The incorporation of paganism into Christianity was a tactic begun during the Dark Ages to allow the pagans to swallow Christianity more readily. Allow me to explain. In essence, most pagan Gods are strong, fierce, manly, muscled, sex-loving gods and the Goddesses are beautiful, seductive, fertile, and may or may not be the nagging type (like Hera) (please correct me if I'm wrong). Then comes in Christianity trying to get these people to embrace a God that is weak, was tortured to death, and died willingly without a fight. This was adverse to their beliefs. So the priests and monks that were trying to win over the pagans learned about the pagan holidays and tried to show similarities between their holidays. Give that comparison a few hundred years and it became well-known to include both as one holiday.
In addition, many priests actually became more paganized (is that a word?). The Dark Ages actually has a lot of missing information, but this is only what I remember from college. The Black Plague and the many revolutions, invasions, wars, etc. also make it difficult to obtain a lot of facts.
The birth of Christ was actually sometime in October. But, the huge celebration/feast that occurred during the winter solstice was too hard to pass up to be the celebration for the birth of Christ. Personally, if it is a different day, I don't think He'd mind. He'd be excited just to know his birthday was being celebrated. But the Christmas tree...pagan. Santa Claus...that's not Christian. Holly and yule log...pagan.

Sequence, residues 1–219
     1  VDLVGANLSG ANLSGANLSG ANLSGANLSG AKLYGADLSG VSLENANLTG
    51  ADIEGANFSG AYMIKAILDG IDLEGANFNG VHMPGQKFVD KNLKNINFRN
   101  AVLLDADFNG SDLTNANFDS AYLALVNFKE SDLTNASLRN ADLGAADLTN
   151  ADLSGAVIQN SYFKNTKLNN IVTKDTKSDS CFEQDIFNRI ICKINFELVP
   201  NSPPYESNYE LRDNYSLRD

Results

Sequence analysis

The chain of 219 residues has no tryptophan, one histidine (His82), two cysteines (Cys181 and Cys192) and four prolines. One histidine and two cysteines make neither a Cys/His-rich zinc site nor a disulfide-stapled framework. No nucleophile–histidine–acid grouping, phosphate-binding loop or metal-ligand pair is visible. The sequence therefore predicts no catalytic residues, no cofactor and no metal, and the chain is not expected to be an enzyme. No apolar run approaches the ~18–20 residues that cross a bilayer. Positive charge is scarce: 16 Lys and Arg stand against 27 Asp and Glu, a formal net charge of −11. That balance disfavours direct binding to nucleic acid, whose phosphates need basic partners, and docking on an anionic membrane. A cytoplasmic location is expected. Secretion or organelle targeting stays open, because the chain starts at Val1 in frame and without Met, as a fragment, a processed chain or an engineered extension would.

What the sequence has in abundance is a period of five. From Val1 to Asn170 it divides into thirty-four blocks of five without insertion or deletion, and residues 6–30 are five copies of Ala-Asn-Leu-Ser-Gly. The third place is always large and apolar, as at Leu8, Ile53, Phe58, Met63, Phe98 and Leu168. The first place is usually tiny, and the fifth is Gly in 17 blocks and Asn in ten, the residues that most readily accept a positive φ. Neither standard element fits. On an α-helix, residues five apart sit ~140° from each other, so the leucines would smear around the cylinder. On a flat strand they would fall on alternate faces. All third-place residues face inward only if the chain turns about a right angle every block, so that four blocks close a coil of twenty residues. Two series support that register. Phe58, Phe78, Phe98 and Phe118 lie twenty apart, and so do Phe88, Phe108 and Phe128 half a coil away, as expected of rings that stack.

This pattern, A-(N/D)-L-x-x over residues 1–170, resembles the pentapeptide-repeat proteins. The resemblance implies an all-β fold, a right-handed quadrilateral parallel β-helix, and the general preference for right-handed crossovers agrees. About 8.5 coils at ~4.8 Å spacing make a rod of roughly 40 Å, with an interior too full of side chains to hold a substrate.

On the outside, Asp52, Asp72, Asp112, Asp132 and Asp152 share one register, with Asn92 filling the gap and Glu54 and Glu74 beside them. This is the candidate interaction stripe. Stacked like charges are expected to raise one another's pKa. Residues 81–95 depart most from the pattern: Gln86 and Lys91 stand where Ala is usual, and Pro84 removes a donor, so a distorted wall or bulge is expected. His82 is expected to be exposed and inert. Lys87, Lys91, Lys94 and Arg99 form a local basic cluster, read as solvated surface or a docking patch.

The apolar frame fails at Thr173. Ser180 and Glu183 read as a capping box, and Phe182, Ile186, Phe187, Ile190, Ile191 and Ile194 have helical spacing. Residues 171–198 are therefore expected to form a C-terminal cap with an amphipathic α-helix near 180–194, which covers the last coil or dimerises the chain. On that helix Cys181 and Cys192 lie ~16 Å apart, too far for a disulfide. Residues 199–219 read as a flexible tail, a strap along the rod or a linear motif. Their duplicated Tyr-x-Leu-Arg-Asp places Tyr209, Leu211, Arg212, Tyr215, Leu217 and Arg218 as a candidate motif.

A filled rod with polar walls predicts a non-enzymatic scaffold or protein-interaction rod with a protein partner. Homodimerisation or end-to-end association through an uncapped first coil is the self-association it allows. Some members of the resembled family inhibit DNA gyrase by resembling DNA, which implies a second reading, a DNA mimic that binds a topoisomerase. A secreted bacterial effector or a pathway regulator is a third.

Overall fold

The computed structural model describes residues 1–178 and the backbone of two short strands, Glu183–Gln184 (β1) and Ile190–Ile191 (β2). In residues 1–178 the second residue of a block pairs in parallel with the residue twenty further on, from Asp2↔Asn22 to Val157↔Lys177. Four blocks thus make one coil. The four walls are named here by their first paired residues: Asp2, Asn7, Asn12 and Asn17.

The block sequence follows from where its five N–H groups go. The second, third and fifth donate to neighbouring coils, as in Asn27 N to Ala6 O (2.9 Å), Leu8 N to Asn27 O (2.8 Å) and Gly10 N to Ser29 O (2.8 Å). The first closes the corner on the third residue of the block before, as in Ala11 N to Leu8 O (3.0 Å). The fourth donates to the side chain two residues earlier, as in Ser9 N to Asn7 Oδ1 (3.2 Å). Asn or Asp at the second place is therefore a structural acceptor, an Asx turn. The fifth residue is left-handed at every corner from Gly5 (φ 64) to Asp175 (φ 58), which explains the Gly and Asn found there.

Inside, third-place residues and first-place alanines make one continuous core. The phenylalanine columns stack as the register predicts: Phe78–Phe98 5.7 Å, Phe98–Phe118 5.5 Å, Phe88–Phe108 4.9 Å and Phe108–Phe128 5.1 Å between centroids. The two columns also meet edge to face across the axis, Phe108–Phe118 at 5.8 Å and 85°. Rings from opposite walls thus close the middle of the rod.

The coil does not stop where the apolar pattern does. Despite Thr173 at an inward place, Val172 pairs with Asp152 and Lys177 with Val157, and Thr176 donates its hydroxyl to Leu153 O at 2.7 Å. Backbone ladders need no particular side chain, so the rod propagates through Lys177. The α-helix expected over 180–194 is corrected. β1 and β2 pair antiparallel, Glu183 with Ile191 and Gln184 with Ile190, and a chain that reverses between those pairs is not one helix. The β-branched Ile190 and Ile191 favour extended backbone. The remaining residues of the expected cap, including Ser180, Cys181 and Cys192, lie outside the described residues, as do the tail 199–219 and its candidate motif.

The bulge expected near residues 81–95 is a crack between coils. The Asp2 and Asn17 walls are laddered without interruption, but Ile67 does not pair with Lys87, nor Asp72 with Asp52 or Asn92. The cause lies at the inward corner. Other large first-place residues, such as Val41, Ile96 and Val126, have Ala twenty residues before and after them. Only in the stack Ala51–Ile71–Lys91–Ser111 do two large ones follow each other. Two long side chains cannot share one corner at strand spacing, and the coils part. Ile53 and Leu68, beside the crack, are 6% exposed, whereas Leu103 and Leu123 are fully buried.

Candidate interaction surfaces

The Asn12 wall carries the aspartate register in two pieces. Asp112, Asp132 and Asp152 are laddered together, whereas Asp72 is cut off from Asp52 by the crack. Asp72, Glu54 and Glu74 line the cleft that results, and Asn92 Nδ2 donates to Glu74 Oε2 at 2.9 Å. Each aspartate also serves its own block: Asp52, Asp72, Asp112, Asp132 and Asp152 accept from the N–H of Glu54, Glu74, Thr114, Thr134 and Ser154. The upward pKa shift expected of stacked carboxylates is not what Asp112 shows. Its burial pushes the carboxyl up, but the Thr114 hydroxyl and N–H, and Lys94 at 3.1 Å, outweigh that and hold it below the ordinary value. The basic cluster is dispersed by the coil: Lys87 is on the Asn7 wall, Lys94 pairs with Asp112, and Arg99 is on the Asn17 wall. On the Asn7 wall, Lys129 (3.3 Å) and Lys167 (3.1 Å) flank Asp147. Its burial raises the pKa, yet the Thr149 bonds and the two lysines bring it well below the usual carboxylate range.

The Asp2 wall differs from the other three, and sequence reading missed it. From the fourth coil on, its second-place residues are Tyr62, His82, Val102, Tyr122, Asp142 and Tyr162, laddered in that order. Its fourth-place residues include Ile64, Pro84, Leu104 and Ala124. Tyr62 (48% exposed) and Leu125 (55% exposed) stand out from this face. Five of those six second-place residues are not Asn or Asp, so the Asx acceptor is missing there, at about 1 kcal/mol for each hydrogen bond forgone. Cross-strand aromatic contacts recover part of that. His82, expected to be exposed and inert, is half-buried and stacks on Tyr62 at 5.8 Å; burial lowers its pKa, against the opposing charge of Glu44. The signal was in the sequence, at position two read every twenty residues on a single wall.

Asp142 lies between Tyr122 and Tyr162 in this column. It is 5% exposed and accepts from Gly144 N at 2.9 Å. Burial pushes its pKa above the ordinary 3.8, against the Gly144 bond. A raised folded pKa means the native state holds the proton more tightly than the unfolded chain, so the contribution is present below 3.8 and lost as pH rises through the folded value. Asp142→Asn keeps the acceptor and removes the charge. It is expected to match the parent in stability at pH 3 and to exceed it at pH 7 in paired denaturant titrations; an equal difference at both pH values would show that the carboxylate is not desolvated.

Halloween isn't even a Christian holiday. It's completely pagan.
Vance, you're right about Easter, too. The Easter bunny represented fertility and the revival of life. Eggs are also a symbol of fertility.
But think about it, if you were a priest living amongst pagans, you'd want to make friends, learn about eachother, share everything...it became a sort of compromise to where everyone was happy.